Writing is hard work. And, like any other activity, it takes practice to write like a pro.
When I was in college, I took a writing class and learned the importance of writing to get better — the professor said you would throw away about the first 100,000 words. That’s an entire book! Later, in grad school, a professor showed us the importance of writing every day — even if it was only for 30 minutes. It might not be good, he said, and don’t worry about spelling, grammar … just write.
Today, I bring you advice from Stephen King (by way of Networlding) — who I think we can all agree is an excellent writer. BTW, I just signed up for a session by King at Bookfest, sponsored by the Library of Congress. I can’t wait. The all-day event is free, but you need tickets for the King presentation.
If you’re not in the DC area or can’t get tickets to Stephen King’s presentation, here are some great tips on writing:
Stephen King: Write like a pro
The infographic below shares 11 writing tips you can use regardless of genre. If you want more from this amazing writer, check out his book, ‘On Writing’ (the image will take you to Amazon) or my review of that book.
An interesting part of King’s book is a section in the back where he shows you a piece of writing, then his many edits. I think it’s valuable to write your first draft without worrying too much about any of these tips. Let the characters flow unimpeded by rules. Editing is for following rules.
I really want to cover these tips in detail, so I’m breaking this post up into bite-sized chunks. Of course, you can see them all in the infographic below if you don’t want to wait.
Avoid passive voice
Unless you were a writing or English major, you probably don’t even know what passive voice is. A quick shortcut to finding passive voice is to look at how you use “to be”. Unless it’s the only verb in your sentence, the sentence is likely passive. Software like Word and other programs can help you find passive voice, but you should learn to avoid it in the first place.
Why? It makes you sound timid and weak.
Consider these 2 sentences. The first is passive the second active. Notice the difference in feel between the two.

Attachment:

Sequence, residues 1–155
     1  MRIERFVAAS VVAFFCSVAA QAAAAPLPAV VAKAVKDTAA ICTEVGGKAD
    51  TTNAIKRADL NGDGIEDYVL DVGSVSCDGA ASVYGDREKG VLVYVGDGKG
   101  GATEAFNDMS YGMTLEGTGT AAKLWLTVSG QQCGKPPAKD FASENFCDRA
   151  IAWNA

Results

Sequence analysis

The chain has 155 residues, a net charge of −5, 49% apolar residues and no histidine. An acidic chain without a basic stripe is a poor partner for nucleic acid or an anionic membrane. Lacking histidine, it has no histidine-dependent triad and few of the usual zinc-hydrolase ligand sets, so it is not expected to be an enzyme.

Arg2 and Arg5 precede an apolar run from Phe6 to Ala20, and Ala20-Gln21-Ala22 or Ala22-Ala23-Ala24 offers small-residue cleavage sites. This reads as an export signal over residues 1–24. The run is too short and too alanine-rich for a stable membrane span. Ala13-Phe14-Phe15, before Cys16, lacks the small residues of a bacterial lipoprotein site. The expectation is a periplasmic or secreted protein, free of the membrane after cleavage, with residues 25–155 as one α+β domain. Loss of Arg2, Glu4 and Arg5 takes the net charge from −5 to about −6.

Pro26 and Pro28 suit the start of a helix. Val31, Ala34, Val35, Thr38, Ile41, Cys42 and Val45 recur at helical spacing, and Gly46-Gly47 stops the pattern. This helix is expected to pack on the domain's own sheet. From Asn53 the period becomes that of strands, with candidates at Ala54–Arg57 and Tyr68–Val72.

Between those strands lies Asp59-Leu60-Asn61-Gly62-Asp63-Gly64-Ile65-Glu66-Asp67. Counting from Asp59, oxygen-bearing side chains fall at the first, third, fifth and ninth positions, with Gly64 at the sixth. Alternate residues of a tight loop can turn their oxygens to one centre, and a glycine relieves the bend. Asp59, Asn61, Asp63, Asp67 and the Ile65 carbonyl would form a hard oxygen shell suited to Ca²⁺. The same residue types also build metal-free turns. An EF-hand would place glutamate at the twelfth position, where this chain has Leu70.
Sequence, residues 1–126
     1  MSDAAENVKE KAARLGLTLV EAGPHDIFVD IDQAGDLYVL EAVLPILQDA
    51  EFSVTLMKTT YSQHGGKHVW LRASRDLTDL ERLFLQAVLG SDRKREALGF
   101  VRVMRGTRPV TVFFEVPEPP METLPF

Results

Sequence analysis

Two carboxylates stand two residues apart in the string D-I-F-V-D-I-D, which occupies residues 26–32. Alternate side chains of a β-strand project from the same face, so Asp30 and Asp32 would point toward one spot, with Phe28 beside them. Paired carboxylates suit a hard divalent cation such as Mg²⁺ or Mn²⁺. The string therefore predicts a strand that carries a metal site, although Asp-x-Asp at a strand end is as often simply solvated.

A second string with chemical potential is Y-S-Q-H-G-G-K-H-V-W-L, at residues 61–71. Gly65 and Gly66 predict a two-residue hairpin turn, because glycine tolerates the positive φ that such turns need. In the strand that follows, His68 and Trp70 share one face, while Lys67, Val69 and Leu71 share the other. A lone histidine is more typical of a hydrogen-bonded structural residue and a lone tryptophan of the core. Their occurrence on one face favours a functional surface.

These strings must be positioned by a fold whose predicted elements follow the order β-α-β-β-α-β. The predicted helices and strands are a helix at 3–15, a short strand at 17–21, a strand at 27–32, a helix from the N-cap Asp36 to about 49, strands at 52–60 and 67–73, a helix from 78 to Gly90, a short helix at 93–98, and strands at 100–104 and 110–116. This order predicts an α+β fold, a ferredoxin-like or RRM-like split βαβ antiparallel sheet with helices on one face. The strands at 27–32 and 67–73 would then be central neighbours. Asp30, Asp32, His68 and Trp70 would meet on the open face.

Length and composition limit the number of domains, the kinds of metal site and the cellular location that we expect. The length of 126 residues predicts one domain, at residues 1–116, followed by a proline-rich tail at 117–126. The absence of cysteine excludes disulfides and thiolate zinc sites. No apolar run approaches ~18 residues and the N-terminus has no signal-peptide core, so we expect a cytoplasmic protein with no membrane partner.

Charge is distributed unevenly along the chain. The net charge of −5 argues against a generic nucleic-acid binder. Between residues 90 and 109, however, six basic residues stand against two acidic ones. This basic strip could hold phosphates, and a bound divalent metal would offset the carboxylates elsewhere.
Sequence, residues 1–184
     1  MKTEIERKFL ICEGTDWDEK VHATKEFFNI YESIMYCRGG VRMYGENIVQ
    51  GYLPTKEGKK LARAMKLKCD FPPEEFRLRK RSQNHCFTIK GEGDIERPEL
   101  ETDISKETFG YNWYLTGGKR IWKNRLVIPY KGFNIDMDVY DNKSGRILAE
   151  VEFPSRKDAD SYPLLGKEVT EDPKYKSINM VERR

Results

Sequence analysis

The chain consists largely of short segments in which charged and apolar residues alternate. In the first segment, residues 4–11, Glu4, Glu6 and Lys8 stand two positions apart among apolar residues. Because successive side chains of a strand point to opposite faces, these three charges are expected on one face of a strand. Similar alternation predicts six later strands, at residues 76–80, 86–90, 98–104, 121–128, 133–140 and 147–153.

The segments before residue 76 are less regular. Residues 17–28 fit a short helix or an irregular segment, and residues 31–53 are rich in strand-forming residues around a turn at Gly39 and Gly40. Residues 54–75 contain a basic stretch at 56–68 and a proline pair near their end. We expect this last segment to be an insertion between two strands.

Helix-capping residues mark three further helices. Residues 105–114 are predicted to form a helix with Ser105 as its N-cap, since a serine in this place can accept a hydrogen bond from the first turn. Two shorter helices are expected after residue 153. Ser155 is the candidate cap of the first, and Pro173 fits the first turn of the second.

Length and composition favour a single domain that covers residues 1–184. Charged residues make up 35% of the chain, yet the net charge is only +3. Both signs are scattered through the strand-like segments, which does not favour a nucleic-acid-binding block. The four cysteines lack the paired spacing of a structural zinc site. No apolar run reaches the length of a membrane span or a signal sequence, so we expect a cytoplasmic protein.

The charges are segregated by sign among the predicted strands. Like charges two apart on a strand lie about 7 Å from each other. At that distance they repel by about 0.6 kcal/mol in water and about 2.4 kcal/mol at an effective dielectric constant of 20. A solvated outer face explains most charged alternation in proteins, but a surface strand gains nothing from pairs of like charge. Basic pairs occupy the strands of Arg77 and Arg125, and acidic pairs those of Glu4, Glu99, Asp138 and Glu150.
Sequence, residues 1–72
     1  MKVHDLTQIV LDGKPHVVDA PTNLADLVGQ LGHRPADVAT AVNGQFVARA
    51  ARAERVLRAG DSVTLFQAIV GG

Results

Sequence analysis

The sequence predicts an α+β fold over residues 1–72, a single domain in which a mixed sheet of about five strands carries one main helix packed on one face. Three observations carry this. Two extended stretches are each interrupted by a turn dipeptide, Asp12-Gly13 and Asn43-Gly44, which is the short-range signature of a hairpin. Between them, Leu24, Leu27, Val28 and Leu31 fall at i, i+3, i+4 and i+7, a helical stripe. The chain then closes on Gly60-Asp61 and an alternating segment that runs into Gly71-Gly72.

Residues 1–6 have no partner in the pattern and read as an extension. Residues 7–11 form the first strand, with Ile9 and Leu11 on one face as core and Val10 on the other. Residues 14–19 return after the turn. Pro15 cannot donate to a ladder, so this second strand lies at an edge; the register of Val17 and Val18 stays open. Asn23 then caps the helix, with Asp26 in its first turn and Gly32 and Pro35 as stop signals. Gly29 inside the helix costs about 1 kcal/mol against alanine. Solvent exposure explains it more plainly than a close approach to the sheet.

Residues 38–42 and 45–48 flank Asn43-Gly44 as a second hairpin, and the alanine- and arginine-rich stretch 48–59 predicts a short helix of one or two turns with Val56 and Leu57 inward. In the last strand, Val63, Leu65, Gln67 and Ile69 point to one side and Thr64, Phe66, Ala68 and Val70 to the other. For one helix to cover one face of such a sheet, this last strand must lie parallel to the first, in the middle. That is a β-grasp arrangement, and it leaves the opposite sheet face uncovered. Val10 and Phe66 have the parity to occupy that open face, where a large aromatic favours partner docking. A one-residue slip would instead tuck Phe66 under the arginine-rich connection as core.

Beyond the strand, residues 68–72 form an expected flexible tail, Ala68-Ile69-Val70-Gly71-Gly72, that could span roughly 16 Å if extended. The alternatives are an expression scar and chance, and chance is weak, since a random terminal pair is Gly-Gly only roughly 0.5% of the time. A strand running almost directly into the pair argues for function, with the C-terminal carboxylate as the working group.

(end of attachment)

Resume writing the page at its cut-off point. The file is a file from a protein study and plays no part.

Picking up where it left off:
Sally had been going to the same market on the same day every week for the last year [passive]
Sally went to the same market on the same day every week for the last year [active]
Keep it active.
Adjectives modify noun — the red ball, the long train
Adverbs modify verbs — he slipped through the door quietly [it tells how he slipped]
King hates adverbs because they’re sloppy writing. Instead of showing the reader how something was done, you melt it down to a simple modifier. This is what writers and editors mean when they say you should show your reader rather than tell them (at least in part).
Sure, you can’t get rid of EVERY adverb in your writing, but think about alternatives to using that adverb. Use the alternative.
Don’t obsess about grammar
Sure, when someone’s talking, ignore grammar. People don’t talk that way. But, except for dialog, grammar matters.
As you write your first draft, ignore grammar (and spelling) to your heart’s content. You’ll fix it when you edit. Don’t interrupt the flow of creativity to check the spelling or obsess about where a comma belongs. In fact, in writing creatively, you may find it necessary to use non-standard punctuation — it changes the way readers interpret your writing.
Learn more about my writing
Some folks seek out readers with specific characteristics, some pay for expert readers, some join writing groups where they exchange reading for getting critiques. I use Beta readers who get a free review copy.